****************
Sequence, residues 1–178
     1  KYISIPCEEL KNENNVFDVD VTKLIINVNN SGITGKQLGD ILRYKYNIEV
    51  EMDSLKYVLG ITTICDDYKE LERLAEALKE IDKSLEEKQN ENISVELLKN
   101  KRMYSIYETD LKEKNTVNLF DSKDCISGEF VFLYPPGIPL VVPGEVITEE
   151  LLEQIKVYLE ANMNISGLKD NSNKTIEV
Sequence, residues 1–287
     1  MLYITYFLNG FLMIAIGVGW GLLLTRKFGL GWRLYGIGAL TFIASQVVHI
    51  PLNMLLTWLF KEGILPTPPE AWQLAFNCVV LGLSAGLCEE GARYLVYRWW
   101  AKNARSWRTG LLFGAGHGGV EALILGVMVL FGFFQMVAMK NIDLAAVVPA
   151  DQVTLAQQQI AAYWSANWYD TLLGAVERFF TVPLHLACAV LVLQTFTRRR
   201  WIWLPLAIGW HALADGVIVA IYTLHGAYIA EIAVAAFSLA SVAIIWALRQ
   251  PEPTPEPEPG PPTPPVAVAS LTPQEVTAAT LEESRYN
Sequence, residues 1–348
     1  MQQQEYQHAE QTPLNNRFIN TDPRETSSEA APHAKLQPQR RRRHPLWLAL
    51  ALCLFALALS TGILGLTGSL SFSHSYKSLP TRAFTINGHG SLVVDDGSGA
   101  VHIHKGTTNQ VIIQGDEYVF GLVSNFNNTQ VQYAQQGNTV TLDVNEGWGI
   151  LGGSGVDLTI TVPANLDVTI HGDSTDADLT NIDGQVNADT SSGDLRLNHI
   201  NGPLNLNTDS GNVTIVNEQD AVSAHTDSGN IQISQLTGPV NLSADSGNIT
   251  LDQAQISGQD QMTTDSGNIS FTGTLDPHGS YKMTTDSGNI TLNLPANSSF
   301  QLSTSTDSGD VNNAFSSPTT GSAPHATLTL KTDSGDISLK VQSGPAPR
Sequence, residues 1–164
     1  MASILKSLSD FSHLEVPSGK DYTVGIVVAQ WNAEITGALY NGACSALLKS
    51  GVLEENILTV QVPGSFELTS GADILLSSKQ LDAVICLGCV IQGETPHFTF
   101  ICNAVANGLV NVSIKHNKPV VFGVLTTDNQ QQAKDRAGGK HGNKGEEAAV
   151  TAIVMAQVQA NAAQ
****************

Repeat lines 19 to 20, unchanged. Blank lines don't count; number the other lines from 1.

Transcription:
   251  LDQAQISGQD QMTTDSGNIS FTGTLDPHGS YKMTTDSGNI TLNLPANSSF
   301  QLSTSTDSGD VNNAFSSPTT GSAPHATLTL KTDSGDISLK VQSGPAPR